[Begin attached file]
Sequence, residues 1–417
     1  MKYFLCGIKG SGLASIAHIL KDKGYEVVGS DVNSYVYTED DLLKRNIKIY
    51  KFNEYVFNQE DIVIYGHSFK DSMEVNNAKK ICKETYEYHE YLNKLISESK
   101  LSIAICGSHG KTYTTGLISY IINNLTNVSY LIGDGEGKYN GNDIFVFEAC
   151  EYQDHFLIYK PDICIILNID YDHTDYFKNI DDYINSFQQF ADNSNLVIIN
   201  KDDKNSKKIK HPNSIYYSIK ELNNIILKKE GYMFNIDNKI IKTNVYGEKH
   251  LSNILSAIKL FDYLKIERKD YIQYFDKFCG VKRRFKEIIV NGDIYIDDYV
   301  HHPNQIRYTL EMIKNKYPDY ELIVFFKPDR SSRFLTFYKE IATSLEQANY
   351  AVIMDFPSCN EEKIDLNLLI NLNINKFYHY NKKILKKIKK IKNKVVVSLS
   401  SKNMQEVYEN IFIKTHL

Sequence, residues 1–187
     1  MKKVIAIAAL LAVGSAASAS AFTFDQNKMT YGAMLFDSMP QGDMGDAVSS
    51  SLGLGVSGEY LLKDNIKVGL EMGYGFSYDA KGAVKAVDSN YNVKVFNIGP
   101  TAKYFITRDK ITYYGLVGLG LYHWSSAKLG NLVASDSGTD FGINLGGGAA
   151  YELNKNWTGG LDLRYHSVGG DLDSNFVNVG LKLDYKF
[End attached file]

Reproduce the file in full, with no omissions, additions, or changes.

Sequence, residues 1–417
     1  MKYFLCGIKG SGLASIAHIL KDKGYEVVGS DVNSYVYTED DLLKRNIKIY
    51  KFNEYVFNQE DIVIYGHSFK DSMEVNNAKK ICKETYEYHE YLNKLISESK
   101  LSIAICGSHG KTYTTGLISY IINNLTNVSY LIGDGEGKYN GNDIFVFEAC
   151  EYQDHFLIYK PDICIILNID YDHTDYFKNI DDYINSFQQF ADNSNLVIIN
   201  KDDKNSKKIK HPNSIYYSIK ELNNIILKKE GYMFNIDNKI IKTNVYGEKH
   251  LSNILSAIKL FDYLKIERKD YIQYFDKFCG VKRRFKEIIV NGDIYIDDYV
   301  HHPNQIRYTL EMIKNKYPDY ELIVFFKPDR SSRFLTFYKE IATSLEQANY
   351  AVIMDFPSCN EEKIDLNLLI NLNINKFYHY NKKILKKIKK IKNKVVVSLS
   401  SKNMQEVYEN IFIKTHL

Sequence, residues 1–187
     1  MKKVIAIAAL LAVGSAASAS AFTFDQNKMT YGAMLFDSMP QGDMGDAVSS
    51  SLGLGVSGEY LLKDNIKVGL EMGYGFSYDA KGAVKAVDSN YNVKVFNIGP
   101  TAKYFITRDK ITYYGLVGLG LYHWSSAKLG NLVASDSGTD FGINLGGGAA
   151  YELNKNWTGG LDLRYHSVGG DLDSNFVNVG LKLDYKF